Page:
Nevada lawmakers review state’s pandemic relief spending

All monies must be spent by 2026
Medical face mask and dollar banknotes, world coronavirus epidemic and economic losses concept
Coronavirus spending Photo credit Julia_Sudnitskaya/Getty Images

Carson City, NV (AP) - Nevada lawmakers who sit on a legislative oversight committee that monitors federal coronavirus relief spending met Tuesday to review the state’s progress in allocating billions of dollars toward priorities including infrastructure, education and backfilling lost revenue.

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The federal government allocated Nevada $2.7 billion in relief dollars earlier this year as part of the American Rescue Plan, adding to billions sent to the state in 2020. State Treasurer Zach Conine told lawmakers that the state had received a total of $6.7 billion from the American Rescue Plan, an amount that includes funding for education, rental assistance and transportation funds on top of the $2.7 billion that the state can choose how to allocate.

Lawmakers said the funds presented the state with an opportunity to make unprecedented investments and update infrastructure to better serve residents.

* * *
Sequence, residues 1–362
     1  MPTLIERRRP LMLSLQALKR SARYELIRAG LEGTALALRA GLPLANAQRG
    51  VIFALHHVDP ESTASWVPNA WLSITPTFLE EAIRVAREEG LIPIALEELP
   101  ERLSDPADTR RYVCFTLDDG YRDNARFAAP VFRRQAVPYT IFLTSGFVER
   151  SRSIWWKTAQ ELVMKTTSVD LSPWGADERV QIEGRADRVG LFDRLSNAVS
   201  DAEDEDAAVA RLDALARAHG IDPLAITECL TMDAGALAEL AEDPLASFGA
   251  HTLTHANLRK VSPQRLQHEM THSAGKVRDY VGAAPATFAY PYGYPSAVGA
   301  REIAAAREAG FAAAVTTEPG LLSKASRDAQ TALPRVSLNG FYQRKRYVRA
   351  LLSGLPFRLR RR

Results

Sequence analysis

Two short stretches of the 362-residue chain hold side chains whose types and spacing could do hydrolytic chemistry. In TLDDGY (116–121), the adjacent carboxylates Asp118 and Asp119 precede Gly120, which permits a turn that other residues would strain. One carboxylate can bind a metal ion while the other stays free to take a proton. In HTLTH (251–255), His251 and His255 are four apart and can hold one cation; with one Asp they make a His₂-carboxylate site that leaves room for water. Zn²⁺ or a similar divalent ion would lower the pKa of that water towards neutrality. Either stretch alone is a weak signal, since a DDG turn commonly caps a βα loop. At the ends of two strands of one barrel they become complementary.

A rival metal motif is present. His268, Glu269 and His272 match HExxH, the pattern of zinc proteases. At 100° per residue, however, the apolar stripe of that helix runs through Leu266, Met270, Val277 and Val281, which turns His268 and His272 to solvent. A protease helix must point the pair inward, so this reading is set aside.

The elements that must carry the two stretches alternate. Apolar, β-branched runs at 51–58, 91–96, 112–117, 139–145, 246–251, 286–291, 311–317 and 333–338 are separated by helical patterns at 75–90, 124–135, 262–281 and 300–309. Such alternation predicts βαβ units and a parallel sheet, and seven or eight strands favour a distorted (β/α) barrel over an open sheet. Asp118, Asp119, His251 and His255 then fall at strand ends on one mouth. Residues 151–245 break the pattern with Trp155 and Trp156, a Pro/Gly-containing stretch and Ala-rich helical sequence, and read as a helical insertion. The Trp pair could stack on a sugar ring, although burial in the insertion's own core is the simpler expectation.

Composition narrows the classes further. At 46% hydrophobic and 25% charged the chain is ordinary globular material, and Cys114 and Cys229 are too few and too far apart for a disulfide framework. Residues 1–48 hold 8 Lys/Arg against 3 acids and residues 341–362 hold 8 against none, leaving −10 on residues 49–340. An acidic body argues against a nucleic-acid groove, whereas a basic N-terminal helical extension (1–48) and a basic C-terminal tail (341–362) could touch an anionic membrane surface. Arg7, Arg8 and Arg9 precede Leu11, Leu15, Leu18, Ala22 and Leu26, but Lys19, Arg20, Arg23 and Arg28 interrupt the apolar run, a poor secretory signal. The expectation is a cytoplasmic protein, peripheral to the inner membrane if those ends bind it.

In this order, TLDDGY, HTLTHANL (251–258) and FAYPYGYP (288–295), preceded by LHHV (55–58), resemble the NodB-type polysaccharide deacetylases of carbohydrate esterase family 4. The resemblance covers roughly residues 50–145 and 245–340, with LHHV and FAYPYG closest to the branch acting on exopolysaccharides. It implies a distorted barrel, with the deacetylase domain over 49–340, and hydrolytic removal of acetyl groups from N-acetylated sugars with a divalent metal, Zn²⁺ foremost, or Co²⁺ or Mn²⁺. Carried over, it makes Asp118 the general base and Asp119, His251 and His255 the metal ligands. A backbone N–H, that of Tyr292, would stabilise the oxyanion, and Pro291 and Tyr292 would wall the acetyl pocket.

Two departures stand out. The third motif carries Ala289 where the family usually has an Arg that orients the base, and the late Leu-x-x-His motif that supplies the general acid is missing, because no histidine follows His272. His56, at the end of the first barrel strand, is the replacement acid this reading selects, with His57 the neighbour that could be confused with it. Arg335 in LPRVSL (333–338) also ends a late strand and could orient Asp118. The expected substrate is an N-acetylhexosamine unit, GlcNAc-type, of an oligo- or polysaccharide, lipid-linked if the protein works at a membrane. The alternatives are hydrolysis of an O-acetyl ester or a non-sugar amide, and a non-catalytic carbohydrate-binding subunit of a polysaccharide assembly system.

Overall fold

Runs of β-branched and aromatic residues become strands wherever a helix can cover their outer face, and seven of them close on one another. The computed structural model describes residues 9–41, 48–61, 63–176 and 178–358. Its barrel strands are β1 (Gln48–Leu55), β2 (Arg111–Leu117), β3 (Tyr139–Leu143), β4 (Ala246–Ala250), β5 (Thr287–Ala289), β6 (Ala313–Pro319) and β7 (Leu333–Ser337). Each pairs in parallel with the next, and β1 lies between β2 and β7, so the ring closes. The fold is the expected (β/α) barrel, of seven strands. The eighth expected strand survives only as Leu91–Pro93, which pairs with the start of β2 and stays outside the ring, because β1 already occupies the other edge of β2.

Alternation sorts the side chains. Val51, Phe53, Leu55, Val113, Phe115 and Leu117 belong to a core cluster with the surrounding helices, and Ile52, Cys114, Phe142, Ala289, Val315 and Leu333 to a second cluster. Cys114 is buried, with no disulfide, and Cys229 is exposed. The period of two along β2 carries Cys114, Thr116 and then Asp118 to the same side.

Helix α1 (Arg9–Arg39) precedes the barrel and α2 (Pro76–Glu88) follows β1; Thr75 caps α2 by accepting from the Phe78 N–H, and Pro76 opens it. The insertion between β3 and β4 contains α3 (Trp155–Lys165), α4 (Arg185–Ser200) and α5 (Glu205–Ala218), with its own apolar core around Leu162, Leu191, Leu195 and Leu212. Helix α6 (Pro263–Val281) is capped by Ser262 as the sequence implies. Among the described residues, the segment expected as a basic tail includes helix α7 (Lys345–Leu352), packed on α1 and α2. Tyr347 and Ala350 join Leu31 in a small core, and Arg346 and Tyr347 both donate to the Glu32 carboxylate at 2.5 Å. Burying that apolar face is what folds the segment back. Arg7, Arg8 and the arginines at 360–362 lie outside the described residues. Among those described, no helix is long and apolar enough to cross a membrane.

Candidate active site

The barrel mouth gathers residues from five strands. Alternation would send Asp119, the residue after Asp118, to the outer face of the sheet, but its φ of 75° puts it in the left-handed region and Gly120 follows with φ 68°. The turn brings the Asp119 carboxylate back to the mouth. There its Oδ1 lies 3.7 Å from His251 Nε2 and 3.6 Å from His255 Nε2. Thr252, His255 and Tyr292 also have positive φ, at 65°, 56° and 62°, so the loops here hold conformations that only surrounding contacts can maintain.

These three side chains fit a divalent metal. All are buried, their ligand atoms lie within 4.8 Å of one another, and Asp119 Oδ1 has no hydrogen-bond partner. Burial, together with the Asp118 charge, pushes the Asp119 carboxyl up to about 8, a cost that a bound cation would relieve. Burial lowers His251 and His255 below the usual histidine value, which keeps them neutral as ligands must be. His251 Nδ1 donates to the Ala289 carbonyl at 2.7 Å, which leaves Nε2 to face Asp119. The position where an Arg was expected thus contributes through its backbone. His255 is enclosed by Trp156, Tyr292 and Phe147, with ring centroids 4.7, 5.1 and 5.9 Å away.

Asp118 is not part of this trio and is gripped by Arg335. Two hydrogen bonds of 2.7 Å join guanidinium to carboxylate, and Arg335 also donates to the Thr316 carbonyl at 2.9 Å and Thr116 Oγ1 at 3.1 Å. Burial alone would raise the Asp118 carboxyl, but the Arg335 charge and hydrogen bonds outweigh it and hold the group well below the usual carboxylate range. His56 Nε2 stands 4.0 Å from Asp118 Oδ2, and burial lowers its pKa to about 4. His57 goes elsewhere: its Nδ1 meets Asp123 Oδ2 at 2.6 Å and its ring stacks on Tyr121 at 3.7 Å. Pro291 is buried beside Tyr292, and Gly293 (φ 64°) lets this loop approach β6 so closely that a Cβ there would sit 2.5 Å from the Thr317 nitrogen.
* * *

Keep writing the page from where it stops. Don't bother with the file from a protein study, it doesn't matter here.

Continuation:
Earlier this year, Nevada’s part-time Legislature — which meets every other year and isn’t scheduled to convene until 2023 — passed a bill to allocate a portion of the funds to specific programs and allow Gov. Steve Sisolak to propose a spending plan for a large portion of the funds. Lawmakers earmarked $1.1 billion to backfill revenue loss stemming from the pandemic and dedicated millions to shoring up the state’s unemployment system.

Legislative staff said Tuesday that about about $1 billion had not yet been allocated.

To determine how to spend the funds, Conine has organized a statewide listening tour to engage the public and evaluate the most pressing needs facing different parts of the state. The feedback will be used to determine priorities for the remaining funds, all of which must be spent by 2026.

The spending decisions will be made by state agencies and the governor’s office before being sent to the Legislature’s Interim Finance Committee for approval. The committee is scheduled to meet later this month to approve additional spending proposed by state agencies and the governor.

“Ultimately, it is an unprecedented amount of relief with an opportunity for strategic investment. States are rising to the occasion to make thoughtful decisions so their communities have strong recovery past the pandemic’s public health and economic shocks,” Emily Maher, a National Conference of State Legislatures policy specialist, told lawmakers.